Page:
Celebrating 45 years of ATTW in Kansas City, Kansas
Precarity and Possibility: Engaging Technical Communication’s Politics
Natasha Jones & Blake Scott, University of Central Florida,
The 2018 ATTW conference will celebrate its 45th anniversary in Kansas City, Kansas with a two-day conference on March 13-14, 2018 at the Reardon Convention Center. The conference will begin Tuesday morning and go through Wednesday evening, and we will have receptions both evenings. More information coming soon!
A block of rooms has been reserved for March 12, 2018 – March 15, 2018. Use this link to reserve a room or you may also call and use code: ATTW to reserve a room. The special room rate ($109.00) will be available until February 14th or until the group block is sold-out, whichever comes first.
Hilton Garden Inn offers free self-parking and complimentary Wi-Fi along with shuttle service within the local area including the Kansas City Convention Center’s Bartle Hall (located approximately 2.5 miles away).
The closest airport is Kansas City International Airport (MCI), which is located approxinately 20 miles from the Reardon Convention Center and Hilton Garden Inn. Other maps and driving directions can be found here.
Conference co-chairs Natasha Jones (firstname.lastname@example.org) and Blake Scott (email@example.com), both at the University of Central Florida, Department of Writing & Rhetoric wrote a fantastic Call for Proposals and the following statement regarding the 2018 ATTW Conference:
Program Chairs’ Statement
In early August 2017, the national office of NAACP—founded in 1909, the nation’s oldest civil rights organization—issued its first-ever statewide travel advisory for the state of Missouri. Following the lead of the Missouri NAACP, this advisory warned “African American travelers, visitors and Missourians to pay special attention and exercise extreme caution when traveling throughout the state given the series of questionable, race-based incidents occurring statewide recently” (including Senate Bill 43 [which became state law] but also racist university and policing practices, the latter documented by the state attorney general’s study that found black drivers were stopped by police at a rate 75% higher than white drivers). It is not difficult to connect this travel advisory to other recent actions in Missouri, including the protests (and backlash against them) over racial biogtry and administrative inaction at the University of Missouri,[i] the Ferguson protests after Michael Brown’s death and the acquittal of the white police officer who killed him, and the protests in St. Louis after the acquittal of another white police officer who shot and killed Anthony Lamar Smith (during which police officers in riot gear re-appropriated the activist refrain “Whose streets? Our streets”). Like St. Louis and the area surrounding it, Kansas City, Missouri is widely known for having one of the deadliest police forces in the country[ii]. Further, the NAACP Missouri travel advisory can be contextualized along a longer history of racism in a state said to be “at the heart of the country’s recent racial tensions”[iii]. Examples of Missouri’s longer history of racism include (but are not limited to) the second highest rate of lynchings (after Oklahoma) of any state outside of the deep South, the bombings of black homes in Kansas City in the early 1920s[iv], and racial housing discrimination in Kansas City and St. Louis (with St. Louis being the fifth most racially segregated of the U.S.’s 100 largest cities[v]).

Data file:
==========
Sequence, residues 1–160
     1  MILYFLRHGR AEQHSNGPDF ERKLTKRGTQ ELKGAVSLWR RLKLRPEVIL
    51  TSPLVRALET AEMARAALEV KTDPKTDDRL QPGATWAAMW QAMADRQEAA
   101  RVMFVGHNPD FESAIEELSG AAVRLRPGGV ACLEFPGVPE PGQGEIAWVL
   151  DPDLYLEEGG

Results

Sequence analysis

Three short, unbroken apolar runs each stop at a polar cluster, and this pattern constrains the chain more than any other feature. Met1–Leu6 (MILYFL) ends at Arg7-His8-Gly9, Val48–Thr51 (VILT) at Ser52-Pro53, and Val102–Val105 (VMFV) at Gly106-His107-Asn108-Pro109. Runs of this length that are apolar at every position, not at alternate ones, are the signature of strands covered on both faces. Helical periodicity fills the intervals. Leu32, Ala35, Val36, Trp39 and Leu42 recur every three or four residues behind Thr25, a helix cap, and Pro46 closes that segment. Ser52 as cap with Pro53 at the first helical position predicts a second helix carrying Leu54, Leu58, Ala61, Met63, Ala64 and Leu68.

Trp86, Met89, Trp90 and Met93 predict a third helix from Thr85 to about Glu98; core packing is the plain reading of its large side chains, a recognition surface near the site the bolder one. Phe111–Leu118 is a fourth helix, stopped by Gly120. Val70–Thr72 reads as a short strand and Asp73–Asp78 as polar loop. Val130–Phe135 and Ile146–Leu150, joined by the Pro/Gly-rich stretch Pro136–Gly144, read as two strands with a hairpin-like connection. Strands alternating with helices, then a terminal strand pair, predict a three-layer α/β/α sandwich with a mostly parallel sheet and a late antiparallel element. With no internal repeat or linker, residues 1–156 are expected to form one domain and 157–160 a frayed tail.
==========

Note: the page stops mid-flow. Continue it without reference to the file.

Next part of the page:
Beyond Missouri, the NAACP travel advisory can be read against the backdrop of a broader climate of national injustice where racism is emboldened by the subtle and not-so-subtle racist dog whistles of political leaders, the national deterioration of civil rights, militarization of law enforcement, criminalization of immigrants, and continued growth of the prison industrial complex. In short, the precarity of racism (along with and intersecting with those of misogyny, homophobia, transphobia, xenophobia, and ableism) is both ubiquitous and pronounced at specific times and places. This dual nature of precarity calls for corresponding widespread collective action and more localized, situated responses. This exigency for localized and anti-racist action, and our commitment to social justice (defined below) have informed our collaboration with the ATTW executive committee to create an inclusive conference where people can feel safe and valued in coming together to exchange ideas, learn with, and advocate for one another. With this goal in mind, we assert that embodied safety, especially of those who are most vulnerable, must be prioritized. Because our call for inclusion and social justice must be demonstrated through our material, economic, intellectual, and embodied actions, we, along with the ATTW executive committee, seek to show, through our embodied commitment, a solidarity with our members targeted by discrimination and oppression. As such, the decision to hold this year’s ATTW conference at the Reardon Convention Center in Kansas City, Kansas, rather than in Missouri, is an enactment of our localized, social justice action. Further, we value the commitment to inclusion by scholars and colleagues across disciplines and we see productive connections between this ATTW conference and the important work being done by the CCCC Task Force on Social Justice and Activism.
[iv] Schirmer, S. L. (2002). A city divided: The racial landscape of Kansas City, 1900-1960. Columbia: University of Missouri Press.
Important due dates:
Deadline has passed: ATTW 2018 Graduate Research Awards (due January 20, 2018)
Deadline has passed: ATTW 2018 Research Methods Worshops Call for Applications (due January 30, 2018)
Deadline has passed: ATTW 2018 Amplification Awards (due January 30, 2018)